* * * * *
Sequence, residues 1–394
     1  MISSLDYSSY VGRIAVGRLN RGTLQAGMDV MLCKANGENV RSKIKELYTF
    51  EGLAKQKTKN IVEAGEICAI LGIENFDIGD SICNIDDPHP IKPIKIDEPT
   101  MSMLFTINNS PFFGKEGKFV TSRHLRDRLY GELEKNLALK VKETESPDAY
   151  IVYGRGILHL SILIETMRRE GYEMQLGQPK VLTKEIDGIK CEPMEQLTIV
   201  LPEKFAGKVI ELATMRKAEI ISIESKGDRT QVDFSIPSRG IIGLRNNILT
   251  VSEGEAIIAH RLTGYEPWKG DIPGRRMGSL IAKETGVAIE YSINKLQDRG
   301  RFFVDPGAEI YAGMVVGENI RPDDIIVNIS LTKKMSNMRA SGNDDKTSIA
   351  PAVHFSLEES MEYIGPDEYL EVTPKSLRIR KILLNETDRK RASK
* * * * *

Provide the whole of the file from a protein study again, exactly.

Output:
Sequence, residues 1–394
     1  MISSLDYSSY VGRIAVGRLN RGTLQAGMDV MLCKANGENV RSKIKELYTF
    51  EGLAKQKTKN IVEAGEICAI LGIENFDIGD SICNIDDPHP IKPIKIDEPT
   101  MSMLFTINNS PFFGKEGKFV TSRHLRDRLY GELEKNLALK VKETESPDAY
   151  IVYGRGILHL SILIETMRRE GYEMQLGQPK VLTKEIDGIK CEPMEQLTIV
   201  LPEKFAGKVI ELATMRKAEI ISIESKGDRT QVDFSIPSRG IIGLRNNILT
   251  VSEGEAIIAH RLTGYEPWKG DIPGRRMGSL IAKETGVAIE YSINKLQDRG
   301  RFFVDPGAEI YAGMVVGENI RPDDIIVNIS LTKKMSNMRA SGNDDKTSIA
   351  PAVHFSLEES MEYIGPDEYL EVTPKSLRIR KILLNETDRK RASK